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Carrefour signs deal to provide Google with groceries in France

By Paul Skeldon June 11, 2018 - 6:56 pm

French hyper-market giant Carrefour is to provide groceries for Google to sell via its shopping site and voice-devices.

The venture, which will go live in 2019, and follows on the heels of French supermarket chain Monoprix announcing plans to provide groceries to Amazon in France.

The Google-Carrefour move is part of a chain of Google tie-ups with food retailers such as Walmart to deliver food shopping services through its Google Home device and its dedicated shopping channel aimed directly at competing with Amazon.

It also marks the heating up of the French grocery market which has, until now, been slow to adopt ecommerce. It has now become a battleground for new entrants to grocery Amazon and Google.

Since taking over as Carrefour’s CEO last summer, Alexandre Bompard has promised to become a leader for grocery e-commerce and to reduce the company’s dependence on suburban big-box stores in France – this is one of the first moves in that direction.

“This deal is a transformative measure for Carrefour to become the leader in grocery e-commerce, which is the first pillar of the turnaround plan announced in January. This is the first time groceries will be sold through Google’s interfaces in France – and the first time for fresh food in the world.”

– Marie Cheval, head of digital transformation, Carrefour (in a telephone interview with Bloomberg)

As part of the deal Carrefour will also adopt Google’s Gmail for more than 160,000 of its staff, the retailer told Bloomberg. The tech company will provide digital training for more than 1,000 employees over the next six months to help prepare for the switch.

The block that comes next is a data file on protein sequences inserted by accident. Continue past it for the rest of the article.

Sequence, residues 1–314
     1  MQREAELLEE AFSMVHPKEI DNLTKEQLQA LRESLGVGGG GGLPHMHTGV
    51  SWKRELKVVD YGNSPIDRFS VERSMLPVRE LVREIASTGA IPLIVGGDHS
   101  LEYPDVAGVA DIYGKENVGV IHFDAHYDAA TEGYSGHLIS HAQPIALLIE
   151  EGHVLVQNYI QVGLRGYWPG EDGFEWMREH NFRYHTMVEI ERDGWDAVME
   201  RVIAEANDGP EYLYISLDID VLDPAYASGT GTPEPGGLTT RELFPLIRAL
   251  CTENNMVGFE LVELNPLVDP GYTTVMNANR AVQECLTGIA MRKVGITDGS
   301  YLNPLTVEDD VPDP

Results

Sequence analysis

Why do grocers and tech companies need each other?

The move by Carrefour is one of several high profile tie ups between grocery chains and tech companies worldwide. Amazon bought Whole Foods, while JD.com in China has got into bed to some degree with Walmart. Why is this happening?

For the grocers the idea makes sense: they have vast amounts of data on consumers and typically doesn’t have the skills to leverage that data in today’s personalised and engagement driven world. Google and Amazon do.

So what is in it for the tech companies? They typically want to get into the food market – it is the biggest retail sector of all – but they lack the expertise in supply chain and storage of perishable items. Here the grocers can return the favour of the help with customer data by handling the supply side.

Together, while seemingly odd potential bed-fellows, grocery giants and tech giants actually make a good team. Carrefour is just the latest retailer to realise this and act on it. Expect more to come.

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